Certificate-of-Need laws (CON laws) require health care providers to obtain state approval for significant capital expenditures, such as expanding the number of beds in a hospital or investing in robotic surgery capabilities. The National Health Planning and Resources Development Act of 1974 prompted the wide enactment of CON laws by the states by making it a condition for certain federal funding. Initially, CON laws were supported because of their apparent benefits to health care. In theory, CON laws encourage smart growth and discourage undisciplined spending by providers. It is also thought to benefit quality by providing the states with an additional standards-setting and outcome-monitoring mechanism. Finally, proponents of CON laws argue that they create an incentive for providers to operate in underserved areas by protecting margins.
CON programs have fallen out of favor in recent decades. The federal statute requiring state participation was repealed in 1987, and many states responded by discontinuing their programs. Currently, 14 states have repealed their CON laws. The Federal Trade Commission and Department of Justice are often asked to weigh in on states’ proposed legislation to repeal their CON laws and they uniformly recommend repeal. The reason is simple: the agencies see these laws as inhibiting competition.
The January 11 joint statement issued by the FTC and DOJ addresses South Carolina’s House Bill 3250 that would repeal its CON law. As described in the joint statement, the South Carolina program adds significant time and costs to expanding existing services and to potential new health care facilities. The process of obtaining approval can take months to several years— the joint statement includes a particularly egregious example of a legal battle over a South Carolina CON application that took six years to resolve. The federal agencies also assert that this process can be abused by health care providers to delay or block competition.
Interestingly, the joint statement is accompanied by a dissenting statement issued by FTC Commissioner Julie Brill—in our observation the first of its kind on the topic. In the dissenting statement, Commissioner Brill encourages the South Carolina legislature to avoid myopically focusing on competition goals at the risk of ignoring other legitimate health care objectives.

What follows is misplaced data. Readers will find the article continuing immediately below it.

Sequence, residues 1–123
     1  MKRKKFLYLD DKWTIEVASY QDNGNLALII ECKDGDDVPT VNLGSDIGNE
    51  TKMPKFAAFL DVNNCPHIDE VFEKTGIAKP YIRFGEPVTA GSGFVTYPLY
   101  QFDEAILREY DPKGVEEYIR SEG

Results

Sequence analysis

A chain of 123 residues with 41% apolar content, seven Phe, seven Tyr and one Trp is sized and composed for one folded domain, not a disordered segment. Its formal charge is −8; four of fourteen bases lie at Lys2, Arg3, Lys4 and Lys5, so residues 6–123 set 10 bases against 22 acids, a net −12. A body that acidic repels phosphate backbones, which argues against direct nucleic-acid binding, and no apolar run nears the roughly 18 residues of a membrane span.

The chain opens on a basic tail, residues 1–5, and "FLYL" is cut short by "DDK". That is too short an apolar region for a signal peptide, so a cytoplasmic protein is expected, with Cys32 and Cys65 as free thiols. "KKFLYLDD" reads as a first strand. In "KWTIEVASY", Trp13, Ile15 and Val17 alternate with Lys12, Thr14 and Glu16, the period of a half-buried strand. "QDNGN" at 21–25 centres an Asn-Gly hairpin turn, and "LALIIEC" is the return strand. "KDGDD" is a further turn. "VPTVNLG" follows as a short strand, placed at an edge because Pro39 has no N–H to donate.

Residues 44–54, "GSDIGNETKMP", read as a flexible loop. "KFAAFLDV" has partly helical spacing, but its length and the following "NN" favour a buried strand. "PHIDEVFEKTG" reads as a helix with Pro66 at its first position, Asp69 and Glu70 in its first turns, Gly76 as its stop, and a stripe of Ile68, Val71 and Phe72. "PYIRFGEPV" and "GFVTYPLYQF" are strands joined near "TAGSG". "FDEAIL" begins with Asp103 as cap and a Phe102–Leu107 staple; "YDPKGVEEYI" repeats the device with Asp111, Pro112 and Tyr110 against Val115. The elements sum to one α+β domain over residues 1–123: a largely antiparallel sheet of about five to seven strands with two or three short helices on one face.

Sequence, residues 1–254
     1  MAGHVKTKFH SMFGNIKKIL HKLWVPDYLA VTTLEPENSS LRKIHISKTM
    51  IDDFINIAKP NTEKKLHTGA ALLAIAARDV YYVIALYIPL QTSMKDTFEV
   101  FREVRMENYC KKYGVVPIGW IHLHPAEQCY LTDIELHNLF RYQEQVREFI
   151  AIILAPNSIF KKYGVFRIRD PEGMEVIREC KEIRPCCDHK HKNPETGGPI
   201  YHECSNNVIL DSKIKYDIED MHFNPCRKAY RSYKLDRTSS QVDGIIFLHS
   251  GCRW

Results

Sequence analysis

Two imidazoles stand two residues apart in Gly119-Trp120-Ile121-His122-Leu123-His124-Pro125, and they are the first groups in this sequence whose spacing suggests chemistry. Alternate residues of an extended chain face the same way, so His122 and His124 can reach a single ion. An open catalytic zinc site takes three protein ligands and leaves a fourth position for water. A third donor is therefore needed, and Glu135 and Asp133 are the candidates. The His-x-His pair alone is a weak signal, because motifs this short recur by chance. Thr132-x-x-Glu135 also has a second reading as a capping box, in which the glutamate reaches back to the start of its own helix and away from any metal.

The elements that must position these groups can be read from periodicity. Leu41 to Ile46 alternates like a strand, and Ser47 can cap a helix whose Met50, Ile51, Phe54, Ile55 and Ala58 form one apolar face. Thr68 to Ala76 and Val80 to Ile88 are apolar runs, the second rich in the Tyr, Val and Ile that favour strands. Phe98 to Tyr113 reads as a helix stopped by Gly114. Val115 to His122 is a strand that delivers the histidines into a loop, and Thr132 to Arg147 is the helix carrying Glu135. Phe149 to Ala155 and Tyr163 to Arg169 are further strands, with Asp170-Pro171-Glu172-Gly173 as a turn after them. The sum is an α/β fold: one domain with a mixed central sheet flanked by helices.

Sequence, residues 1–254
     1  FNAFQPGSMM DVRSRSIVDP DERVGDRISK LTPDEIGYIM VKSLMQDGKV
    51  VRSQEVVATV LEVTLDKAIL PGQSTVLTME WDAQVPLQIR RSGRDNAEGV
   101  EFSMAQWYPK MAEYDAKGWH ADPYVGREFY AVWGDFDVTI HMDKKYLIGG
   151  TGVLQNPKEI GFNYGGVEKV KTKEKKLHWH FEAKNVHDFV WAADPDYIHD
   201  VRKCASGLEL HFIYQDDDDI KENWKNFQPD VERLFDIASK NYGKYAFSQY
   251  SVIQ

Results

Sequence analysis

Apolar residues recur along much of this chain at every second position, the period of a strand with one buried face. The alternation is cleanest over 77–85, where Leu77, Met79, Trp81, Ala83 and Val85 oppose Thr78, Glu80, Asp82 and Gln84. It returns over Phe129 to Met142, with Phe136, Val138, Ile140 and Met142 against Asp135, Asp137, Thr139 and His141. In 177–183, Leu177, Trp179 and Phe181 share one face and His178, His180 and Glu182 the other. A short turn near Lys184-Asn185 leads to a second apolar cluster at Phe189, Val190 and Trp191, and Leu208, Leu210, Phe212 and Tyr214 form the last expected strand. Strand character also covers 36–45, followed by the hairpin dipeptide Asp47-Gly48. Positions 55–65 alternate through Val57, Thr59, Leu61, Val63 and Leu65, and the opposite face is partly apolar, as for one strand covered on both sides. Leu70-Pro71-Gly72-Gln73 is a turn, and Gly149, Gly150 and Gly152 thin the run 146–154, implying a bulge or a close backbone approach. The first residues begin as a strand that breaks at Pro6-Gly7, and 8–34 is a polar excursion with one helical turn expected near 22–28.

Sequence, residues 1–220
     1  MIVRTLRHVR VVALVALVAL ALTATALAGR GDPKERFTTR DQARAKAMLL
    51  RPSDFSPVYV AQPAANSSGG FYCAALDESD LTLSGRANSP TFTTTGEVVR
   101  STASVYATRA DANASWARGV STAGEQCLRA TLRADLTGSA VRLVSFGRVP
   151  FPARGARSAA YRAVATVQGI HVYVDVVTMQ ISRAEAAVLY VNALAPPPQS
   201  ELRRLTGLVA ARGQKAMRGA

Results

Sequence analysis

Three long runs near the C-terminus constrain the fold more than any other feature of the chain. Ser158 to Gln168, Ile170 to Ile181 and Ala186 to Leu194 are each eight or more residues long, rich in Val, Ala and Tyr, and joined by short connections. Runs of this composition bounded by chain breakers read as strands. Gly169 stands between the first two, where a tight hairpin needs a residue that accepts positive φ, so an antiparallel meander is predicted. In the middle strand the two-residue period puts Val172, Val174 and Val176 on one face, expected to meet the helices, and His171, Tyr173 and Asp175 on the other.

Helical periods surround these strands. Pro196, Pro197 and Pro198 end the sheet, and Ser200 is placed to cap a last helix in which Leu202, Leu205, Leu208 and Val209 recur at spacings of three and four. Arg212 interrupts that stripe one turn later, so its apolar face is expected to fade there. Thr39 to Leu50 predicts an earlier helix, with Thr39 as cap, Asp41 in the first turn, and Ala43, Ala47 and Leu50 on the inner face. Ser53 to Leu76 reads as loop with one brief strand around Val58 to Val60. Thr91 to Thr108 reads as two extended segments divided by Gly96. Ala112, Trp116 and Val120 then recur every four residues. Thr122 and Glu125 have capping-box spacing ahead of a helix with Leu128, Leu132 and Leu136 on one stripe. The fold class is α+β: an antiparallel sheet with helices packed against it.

Commissioner Brill cites her experience working for state antitrust and consumer protection agencies in acknowledging the challenges of weighing several policy objectives at the state level. She quotes an influential 2004 joint study issued by the FTC and DOJ, which recognized that “competition is not a panacea for all of the problems with American health care.”
The dissenting statement takes no issue with the federal agencies’ arguments that CON laws undermine competition. Instead, Commissioner Brill stresses the potential benefits of CON laws on non-competition policy goals. For example, CON laws may help safety-net hospitals (hospitals with open-door policies and who serve a large number of low-income patients) by preventing competing providers from “cherry-picking” patients with more resources.
Although CON laws artificially suppress the availability of health care services, Commissioner Brill raises some interesting points in her dissenting statement and it will be interesting to observe how these arguments impact the South Carolina bill and shape future state legislation. As always, stayed tuned.